If you read the early explorer diaries they write of riding a horse at the gallop under towering gum trees, no scrub or bush around at all, just native grasses and large trees.

The aboriginals found it hard to run through scrub with a 4m spear in their hands
AnswerID: 595670

Reply By: Frank P (NSW) - Sunday, Jan 31, 2016 at 14:19

Sunday, Jan 31, 2016 at 14:19
I think your question of what killed them has been answered, Keith.

What your observation means to me is that, as a frequent visitor to High Country tracks, carrying a chainsaw is almost mandatory.

These dead ghosts are now regularly falling and blocking tracks. I was always reluctant to carry a chainsaw because of weight, space and another type of fuel to fit in somewhere. I was recently convinced otherwise when I went up a one-way track without a problem but a few hours later on the way out was blocked by a fallen tree. It was small enough to drag out of the way with the vehicle, but it demonstrated the potential for something more serious to happen.

After reading about 36V cordless chainsaws on this site I bought one - a Victa 40V 16" bar. I have to carry a charger and small inverter, but at least they can be carried inside under a seat - unlike 2 stroke fuel.

Cheers
FrankP

Lifetime Member
My Profile  My Blog  My Position  Send Message
Moderator

AnswerID: 595711

Follow Up By: Malcom M - Monday, Feb 01, 2016 at 09:49

Monday, Feb 01, 2016 at 09:49
Would love some feedback on how effective it is.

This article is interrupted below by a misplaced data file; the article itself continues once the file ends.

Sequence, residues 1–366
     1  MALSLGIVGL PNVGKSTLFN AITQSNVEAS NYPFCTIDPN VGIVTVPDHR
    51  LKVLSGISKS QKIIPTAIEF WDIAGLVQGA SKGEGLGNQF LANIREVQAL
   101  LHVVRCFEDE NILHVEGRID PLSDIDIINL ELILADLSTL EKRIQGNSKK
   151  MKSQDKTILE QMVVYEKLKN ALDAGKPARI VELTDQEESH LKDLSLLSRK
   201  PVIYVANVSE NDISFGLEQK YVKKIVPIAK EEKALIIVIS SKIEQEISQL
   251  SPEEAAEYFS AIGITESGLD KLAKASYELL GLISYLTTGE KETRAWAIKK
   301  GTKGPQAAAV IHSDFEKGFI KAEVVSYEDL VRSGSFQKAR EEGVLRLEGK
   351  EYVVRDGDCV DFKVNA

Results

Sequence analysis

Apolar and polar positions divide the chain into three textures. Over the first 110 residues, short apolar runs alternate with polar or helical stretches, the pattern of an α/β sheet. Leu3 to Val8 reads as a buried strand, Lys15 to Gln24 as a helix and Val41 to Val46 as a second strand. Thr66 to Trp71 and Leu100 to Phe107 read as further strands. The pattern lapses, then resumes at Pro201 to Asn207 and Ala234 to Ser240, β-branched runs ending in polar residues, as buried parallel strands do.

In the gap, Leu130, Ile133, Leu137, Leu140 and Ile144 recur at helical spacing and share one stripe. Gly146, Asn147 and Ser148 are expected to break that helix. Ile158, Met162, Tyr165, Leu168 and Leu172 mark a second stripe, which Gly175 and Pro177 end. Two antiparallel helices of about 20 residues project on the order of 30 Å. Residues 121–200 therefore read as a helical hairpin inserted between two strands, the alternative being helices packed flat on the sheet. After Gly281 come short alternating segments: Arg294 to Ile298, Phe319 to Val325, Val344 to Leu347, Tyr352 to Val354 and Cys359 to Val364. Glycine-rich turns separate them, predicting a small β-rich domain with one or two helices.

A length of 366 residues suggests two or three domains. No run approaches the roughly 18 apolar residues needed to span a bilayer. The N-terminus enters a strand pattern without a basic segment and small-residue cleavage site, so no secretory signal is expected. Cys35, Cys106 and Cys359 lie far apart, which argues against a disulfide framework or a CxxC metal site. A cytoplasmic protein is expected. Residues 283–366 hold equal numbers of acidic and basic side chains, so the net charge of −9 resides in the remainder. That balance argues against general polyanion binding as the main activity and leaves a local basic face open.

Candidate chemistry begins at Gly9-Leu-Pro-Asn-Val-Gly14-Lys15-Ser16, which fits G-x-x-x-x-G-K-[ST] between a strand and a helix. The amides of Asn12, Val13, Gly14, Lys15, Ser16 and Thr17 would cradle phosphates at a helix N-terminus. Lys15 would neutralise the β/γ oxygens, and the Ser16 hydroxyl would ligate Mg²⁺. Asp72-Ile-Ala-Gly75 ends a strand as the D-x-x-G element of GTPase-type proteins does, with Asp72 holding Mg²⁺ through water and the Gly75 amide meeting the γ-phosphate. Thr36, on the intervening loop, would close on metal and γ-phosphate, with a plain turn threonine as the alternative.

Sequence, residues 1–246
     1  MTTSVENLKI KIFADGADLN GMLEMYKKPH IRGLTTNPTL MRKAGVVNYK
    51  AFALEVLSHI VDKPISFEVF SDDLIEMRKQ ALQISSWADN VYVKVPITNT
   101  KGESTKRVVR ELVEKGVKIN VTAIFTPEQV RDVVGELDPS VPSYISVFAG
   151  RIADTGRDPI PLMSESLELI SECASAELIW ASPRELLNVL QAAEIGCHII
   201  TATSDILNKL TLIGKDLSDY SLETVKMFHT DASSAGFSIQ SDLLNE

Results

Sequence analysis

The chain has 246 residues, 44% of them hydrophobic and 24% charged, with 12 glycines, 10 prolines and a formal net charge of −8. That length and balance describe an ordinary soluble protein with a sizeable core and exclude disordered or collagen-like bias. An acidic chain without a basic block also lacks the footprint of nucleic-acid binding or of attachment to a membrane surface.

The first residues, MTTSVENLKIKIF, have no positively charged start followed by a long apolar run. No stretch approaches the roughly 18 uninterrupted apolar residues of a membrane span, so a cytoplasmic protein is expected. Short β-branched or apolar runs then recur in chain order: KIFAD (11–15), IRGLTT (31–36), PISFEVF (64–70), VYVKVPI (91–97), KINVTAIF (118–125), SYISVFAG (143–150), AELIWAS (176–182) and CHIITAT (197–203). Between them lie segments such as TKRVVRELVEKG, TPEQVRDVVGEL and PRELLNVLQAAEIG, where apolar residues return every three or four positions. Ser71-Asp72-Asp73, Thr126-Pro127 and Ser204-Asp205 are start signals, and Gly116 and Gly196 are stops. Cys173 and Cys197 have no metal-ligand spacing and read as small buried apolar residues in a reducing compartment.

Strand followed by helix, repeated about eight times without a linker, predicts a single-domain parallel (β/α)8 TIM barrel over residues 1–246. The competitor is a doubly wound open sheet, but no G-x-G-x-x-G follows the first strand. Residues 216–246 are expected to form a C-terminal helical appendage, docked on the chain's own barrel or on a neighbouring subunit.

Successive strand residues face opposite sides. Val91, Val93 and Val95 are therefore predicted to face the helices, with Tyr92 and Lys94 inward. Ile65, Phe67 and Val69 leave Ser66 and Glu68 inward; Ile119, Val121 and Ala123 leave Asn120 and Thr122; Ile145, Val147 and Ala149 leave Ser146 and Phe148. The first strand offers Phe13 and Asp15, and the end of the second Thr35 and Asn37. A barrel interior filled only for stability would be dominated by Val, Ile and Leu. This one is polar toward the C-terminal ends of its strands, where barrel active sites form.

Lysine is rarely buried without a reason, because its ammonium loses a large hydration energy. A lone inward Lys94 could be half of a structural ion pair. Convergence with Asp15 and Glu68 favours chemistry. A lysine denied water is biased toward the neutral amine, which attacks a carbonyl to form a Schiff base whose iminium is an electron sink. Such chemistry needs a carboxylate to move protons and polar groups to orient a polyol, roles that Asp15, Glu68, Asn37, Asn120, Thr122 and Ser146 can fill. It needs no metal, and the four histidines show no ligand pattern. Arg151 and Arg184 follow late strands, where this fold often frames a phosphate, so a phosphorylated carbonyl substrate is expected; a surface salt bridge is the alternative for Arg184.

How long does it cut fro before the battery dies?
How long to charge from flat?
0
FollowupID: 864468

Follow Up By: Frank P (NSW) - Monday, Feb 01, 2016 at 11:51

Monday, Feb 01, 2016 at 11:51
Malcolm,

Some manufacturer info here.

I bought a kit (saw, battery and charger) from Bunnings for $499.Details

There is a new 80V model with an 18" bar that has a higher chain speed, etc, but how far do you go? Their price of $339 is saw only. You'd have to add a battery and charger for another $326, total $665.

I haven't had the opportunity yet to test it fully but I read somewhere for the 40V model 120 cuts per charge. But what's a standard cut? There's a big difference between a 6" green softwood log and a 12" dead hardwood log.

Charge time is 2 hours.

Cheers



FrankP

Lifetime Member
My Profile  My Blog  My Position  Send Message
Moderator

1
FollowupID: 864473

Follow Up By: Bob Y. - Qld - Monday, Feb 01, 2016 at 11:59

Monday, Feb 01, 2016 at 11:59
Malcolm,

Do a search on posts by member Robin Miller. Pretty sure he mentioned using one on his bush block, during past year or two.

Bob

Seen it all, Done it all.
Can't remember most of it.

Lifetime Member
My Profile  My Blog  My Position  Send Message

0
FollowupID: 864475

Reply By: 9900Eagle - Monday, Feb 01, 2016 at 07:42

Monday, Feb 01, 2016 at 07:42
Keith,
Up around Jindabyne and Cabramurra it is the eucalyptus (or gum tree) weevil and not fires that have done the damage. You can see dead white trees for Kilometers across the mountains.

AnswerID: 595750

Follow Up By: Michael H9 - Monday, Feb 01, 2016 at 12:32

Monday, Feb 01, 2016 at 12:32
Greenies will get blamed for the weevil too... ;-)
0
FollowupID: 864477

Follow Up By: Bob Y. - Qld - Monday, Feb 01, 2016 at 14:09

Monday, Feb 01, 2016 at 14:09
Read some years back where Bellbirds were being blamed for spreading eucalyptus Dieback. Apparently "they" were culling these little fellars in some areas in NSW?

Good name, 9900eagle! :-) Spent a few hours in some of them, 5 or 6 years ago. Not a bad old lorry.

Bob

Seen it all, Done it all.
Can't remember most of it.

Lifetime Member
My Profile  My Blog  My Position  Send Message

1
FollowupID: 864483

Follow Up By: 9900Eagle - Monday, Feb 01, 2016 at 15:14

Monday, Feb 01, 2016 at 15:14
Bob, I used too be slow but for some reason exploroz decided it didn't recognise my email anymore and wouldn't let me log in, so I had to use a new email address and name.